Helping Undergraduate Students Achieve their Dreams - Jose Ballesteros

Jose Ballesteros in front of the Student Community Center building.
Jose Ballesteros, PhD is Director of the McNair Scholars Program which helps Scholars become skilled researchers and intellectual colleagues. His vision is to cultivate an environment where scholars are given all the necessary tools to pursue doctoral degrees. Jose is a direct product of similar programs: the RISE and MARC programs at San Francisco State University. As a low-income, first-generation college student from South East Stockton, he never envisioned pursuing a PhD in a STEM field. Exposure to faculty mentors, primary research, scientific colloquia, academic support, and GRE preparation prepared him to earn a PhD in Molecular, Cellular and Integrative Physiology from the UC Davis. Photo: Daniel Oberbauer

Jose Ballesteros

McNair Scholars Director, Graduate Studies

On the second floor of the Student Community Center, you will find first-generation college graduate Jose Ballesteros helping undergraduate students achieve their dreams.

Jose was raised in Stockton, CA with six supportive siblings and their parents, who migrated from Mexico in search of a better life. Since he was a kid, his parents instilled in him the idea of hard work. Jose’s parents worked in agriculture and when he wasn’t in school, they would take him with them to the field to work as well. He quickly learned the value of education and was lucky enough to have two older sisters who helped pave his way into college, as they both attended or were in college when his time came to apply.

As I was growing my parents would take us out to go pick. This taught us that if you don’t get your education, this is the type of work we could be doing. It’s tough work, but my parents always stressed that they migrated to this country in hopes to give us, and future generations, a better life…

They would always instill that education is a pathway that would open different opportunities.”

A scholarship took him to  San Francisco State as an undergraduate. Although he was filled with gratitude at receiving the award, Jose did not realize at the time that this specific scholarship and the program it came with would eventually prepare him to attain his Ph.D.

But first he had to get through undergrad, in a new city, nowhere near what he was used to. “The transition to a whole new setting. This is a whole new place, people, culture… It was an eye-opening experience and made me appreciate people more… I was a bit in shock, but this experience was essential for me to grow.” Eventually, he took the opportunity to get involved in research at SF State, and he eventually decided to attend grad school, initially in hopes of becoming an optometrist.

Although it took him a while to adapt, Jose excelled in San Francisco State with his research. One of his favorite memories as a college student was having the opportunity to travel to conferences where he could present his work. The most memorable was the conference for the Society for Advancement of Chicanos/Hispanics and Native Americans in Science (SACNAS). At this conference, Jose was filled with joy for the opportunity to be presenting his research in a room full of people of color, just like him, striving to accomplish their goals. The experience was encouraging for him and one he will not forget.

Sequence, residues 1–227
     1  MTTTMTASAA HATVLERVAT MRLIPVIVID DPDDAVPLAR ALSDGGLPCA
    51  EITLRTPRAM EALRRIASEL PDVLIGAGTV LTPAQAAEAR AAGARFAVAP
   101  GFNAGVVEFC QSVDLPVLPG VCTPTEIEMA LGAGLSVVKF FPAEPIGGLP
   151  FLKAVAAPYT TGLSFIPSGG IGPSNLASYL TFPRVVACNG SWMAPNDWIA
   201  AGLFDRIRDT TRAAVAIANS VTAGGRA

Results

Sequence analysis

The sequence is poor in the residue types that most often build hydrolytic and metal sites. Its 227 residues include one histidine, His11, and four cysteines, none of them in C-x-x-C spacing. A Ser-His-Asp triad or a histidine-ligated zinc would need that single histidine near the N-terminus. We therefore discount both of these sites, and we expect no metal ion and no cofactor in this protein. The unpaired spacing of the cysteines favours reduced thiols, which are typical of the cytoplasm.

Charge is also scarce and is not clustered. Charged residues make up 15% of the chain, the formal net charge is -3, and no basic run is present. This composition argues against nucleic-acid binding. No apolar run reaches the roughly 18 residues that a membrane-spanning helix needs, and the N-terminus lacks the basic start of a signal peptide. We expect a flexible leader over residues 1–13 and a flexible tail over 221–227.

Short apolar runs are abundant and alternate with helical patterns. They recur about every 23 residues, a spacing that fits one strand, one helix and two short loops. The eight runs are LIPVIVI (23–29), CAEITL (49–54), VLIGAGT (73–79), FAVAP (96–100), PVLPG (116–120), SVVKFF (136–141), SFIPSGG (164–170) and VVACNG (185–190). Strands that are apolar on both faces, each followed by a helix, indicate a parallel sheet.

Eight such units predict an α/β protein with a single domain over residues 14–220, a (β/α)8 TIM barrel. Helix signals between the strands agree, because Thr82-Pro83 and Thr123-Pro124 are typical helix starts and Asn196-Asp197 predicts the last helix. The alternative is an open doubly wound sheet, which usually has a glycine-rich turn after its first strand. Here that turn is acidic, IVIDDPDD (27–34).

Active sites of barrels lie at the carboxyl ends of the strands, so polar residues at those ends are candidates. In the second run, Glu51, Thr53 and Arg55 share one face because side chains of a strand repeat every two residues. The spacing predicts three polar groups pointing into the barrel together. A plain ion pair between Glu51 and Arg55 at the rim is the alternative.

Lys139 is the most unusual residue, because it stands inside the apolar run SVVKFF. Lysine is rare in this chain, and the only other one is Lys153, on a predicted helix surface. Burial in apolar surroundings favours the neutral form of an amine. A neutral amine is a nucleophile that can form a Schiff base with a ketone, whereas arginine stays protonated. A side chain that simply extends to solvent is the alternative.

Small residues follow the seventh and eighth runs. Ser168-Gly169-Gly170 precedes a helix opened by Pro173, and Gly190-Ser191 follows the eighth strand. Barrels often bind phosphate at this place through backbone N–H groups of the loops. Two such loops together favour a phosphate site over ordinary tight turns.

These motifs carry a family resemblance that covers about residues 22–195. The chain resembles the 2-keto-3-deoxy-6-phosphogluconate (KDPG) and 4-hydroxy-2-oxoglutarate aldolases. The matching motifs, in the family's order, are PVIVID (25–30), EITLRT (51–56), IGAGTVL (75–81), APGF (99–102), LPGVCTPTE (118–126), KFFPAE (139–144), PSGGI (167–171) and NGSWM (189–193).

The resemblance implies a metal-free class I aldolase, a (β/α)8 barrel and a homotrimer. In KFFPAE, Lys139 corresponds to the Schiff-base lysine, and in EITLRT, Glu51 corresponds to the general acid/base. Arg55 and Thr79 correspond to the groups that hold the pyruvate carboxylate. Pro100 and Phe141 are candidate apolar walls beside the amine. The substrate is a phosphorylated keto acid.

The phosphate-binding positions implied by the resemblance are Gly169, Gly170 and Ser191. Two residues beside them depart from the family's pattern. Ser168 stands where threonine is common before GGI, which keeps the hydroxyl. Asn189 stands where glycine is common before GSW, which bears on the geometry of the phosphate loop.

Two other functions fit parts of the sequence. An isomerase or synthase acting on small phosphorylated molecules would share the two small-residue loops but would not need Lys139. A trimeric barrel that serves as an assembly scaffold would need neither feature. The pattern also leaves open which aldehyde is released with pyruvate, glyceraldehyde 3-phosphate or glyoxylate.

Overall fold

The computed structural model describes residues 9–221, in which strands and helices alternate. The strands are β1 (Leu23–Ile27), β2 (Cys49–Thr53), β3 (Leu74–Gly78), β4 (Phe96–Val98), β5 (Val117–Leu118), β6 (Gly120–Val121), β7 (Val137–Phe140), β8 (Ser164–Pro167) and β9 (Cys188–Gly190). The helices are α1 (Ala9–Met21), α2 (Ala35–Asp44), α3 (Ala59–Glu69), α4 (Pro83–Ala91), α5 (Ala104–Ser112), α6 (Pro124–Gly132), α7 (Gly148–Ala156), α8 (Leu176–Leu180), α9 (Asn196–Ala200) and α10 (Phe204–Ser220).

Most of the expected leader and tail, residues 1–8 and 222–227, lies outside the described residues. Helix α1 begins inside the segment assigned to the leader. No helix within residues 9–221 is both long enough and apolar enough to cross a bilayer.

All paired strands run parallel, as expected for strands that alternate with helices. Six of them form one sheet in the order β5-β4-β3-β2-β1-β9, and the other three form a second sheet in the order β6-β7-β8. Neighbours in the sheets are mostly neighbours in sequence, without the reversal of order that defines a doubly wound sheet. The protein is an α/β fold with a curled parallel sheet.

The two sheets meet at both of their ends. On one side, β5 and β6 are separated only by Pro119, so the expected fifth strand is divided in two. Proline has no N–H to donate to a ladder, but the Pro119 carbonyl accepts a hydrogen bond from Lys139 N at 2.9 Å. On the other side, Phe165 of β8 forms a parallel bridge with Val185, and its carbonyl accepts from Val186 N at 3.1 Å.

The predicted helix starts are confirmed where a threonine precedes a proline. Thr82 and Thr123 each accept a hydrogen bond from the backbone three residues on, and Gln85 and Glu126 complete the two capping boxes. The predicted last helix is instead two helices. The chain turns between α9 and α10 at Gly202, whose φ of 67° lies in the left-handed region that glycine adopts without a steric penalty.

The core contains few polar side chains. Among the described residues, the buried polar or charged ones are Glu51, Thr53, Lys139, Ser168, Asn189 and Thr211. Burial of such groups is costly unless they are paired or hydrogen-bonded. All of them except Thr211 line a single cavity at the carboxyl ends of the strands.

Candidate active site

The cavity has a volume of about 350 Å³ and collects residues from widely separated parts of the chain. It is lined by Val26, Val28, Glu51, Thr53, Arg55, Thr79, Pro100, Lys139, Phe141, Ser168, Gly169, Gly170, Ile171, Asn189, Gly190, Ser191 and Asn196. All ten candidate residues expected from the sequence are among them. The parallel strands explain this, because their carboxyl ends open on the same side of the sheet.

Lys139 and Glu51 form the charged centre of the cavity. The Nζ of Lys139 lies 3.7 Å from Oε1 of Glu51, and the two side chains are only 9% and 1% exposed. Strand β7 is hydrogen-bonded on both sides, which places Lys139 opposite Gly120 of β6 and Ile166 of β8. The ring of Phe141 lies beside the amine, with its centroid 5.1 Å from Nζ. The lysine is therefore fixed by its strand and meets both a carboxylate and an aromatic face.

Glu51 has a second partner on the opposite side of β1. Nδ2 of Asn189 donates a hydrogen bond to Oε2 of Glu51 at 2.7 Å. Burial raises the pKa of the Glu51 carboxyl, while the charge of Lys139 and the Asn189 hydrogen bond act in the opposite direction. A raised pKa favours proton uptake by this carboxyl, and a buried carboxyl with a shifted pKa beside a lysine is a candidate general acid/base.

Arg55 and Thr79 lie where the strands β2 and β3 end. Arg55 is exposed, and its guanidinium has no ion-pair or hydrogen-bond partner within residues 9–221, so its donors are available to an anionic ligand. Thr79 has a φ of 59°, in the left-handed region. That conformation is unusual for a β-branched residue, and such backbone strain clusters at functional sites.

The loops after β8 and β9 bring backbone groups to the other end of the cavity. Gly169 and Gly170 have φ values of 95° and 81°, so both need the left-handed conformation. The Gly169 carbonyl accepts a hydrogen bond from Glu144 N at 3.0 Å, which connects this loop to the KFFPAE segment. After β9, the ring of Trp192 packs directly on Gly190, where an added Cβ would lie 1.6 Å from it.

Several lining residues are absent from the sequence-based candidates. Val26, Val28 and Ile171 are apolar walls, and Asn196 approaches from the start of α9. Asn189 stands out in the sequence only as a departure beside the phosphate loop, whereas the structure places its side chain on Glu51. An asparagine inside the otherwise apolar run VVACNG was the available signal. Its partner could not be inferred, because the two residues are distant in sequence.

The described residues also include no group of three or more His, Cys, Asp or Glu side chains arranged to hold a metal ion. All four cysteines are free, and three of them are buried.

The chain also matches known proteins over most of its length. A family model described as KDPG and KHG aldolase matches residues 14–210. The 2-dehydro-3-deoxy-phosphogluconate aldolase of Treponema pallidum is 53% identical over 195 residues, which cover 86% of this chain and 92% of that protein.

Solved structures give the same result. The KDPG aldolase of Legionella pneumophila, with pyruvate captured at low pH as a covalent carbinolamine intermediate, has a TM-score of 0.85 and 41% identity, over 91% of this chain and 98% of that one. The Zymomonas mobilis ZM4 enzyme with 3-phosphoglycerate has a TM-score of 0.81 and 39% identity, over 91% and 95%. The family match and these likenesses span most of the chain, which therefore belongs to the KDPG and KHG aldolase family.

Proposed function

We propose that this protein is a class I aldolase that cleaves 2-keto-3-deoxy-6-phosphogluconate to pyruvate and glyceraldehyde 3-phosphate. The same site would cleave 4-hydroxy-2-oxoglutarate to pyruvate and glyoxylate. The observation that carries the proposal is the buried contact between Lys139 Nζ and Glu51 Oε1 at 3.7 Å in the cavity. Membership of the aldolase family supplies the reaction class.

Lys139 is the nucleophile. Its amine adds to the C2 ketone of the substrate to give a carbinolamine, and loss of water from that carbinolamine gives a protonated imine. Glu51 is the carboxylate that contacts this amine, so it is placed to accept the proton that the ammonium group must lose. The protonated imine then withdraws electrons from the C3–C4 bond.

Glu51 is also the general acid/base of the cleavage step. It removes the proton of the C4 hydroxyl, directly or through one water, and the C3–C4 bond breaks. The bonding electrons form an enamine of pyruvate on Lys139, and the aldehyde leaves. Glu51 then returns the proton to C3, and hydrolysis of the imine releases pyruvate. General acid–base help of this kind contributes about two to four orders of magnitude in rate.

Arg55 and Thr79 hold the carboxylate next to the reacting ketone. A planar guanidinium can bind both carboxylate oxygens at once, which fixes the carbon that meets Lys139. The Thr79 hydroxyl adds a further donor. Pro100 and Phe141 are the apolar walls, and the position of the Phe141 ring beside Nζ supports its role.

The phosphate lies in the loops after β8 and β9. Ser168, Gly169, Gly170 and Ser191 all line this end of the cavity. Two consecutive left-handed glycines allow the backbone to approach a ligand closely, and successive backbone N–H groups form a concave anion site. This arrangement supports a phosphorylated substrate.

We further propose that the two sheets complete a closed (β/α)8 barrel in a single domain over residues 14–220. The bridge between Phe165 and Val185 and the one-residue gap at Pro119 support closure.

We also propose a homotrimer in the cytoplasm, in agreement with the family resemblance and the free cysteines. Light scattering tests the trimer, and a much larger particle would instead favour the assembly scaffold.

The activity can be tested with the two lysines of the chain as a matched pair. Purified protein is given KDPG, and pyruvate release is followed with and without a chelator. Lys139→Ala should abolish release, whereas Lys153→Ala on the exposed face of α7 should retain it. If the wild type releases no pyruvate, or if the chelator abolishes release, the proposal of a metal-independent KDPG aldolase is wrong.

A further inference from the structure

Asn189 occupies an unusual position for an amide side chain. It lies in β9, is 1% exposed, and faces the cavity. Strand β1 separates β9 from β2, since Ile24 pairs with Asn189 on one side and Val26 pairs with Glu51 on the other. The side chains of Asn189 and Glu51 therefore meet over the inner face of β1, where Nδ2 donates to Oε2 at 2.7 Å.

Jose encourages students to hang on to their identities and not to lose sight of who they are.

As a first-gen student you are getting into these diverse spaces, make sure you bring these elements that make you who you are. Hold onto the identities that you have. It is a value that you are bringing in.

After completing his undergraduate degree, Jose found himself at UC Davis to complete his graduate studies in hopes to attain a Ph.D. in Molecular, Cellular and Integrative Physiology. During his studies, Jose went through some personal struggles and began to doubt whether or not he wished to continue with his doctorate degree. One of his mentors, Hector Cuevas, Director of Outreach and Recruitment and Retention for Graduate Studies at UC Davis at the time, was able to help him find the support he needed to continue. “He made sure to let me know to take my time… and that they (the university) was here to support me," Jose said. "It empowered me as an individual to look at things differently.”

After completing his graduate studies, Jose went on to pursue other endeavors, but in 2016, found his home once again at UC Davis, as the Director of The McNair Scholars Program. In this role, he assists underrepresented students to pursue Ph.D. degrees. Truly, it is a full circle experience, as he is now able to mentor students, just as he once was.

Advice for FirstGen Students: 

Make sure you get involved. Find different communities that you feel that you are a part of… Once you get connected to this support group, it becomes a holistic experience, they get to know you as a person, they will assist you, they may be like-minded with similar goals who have similar experiences. And as a first-gen student, you need that support… Do not miss out on the college experience and find those non-academic things. As they can refresh you and help you not get burned out. Take a break and get involved.

 

 

Category

Tags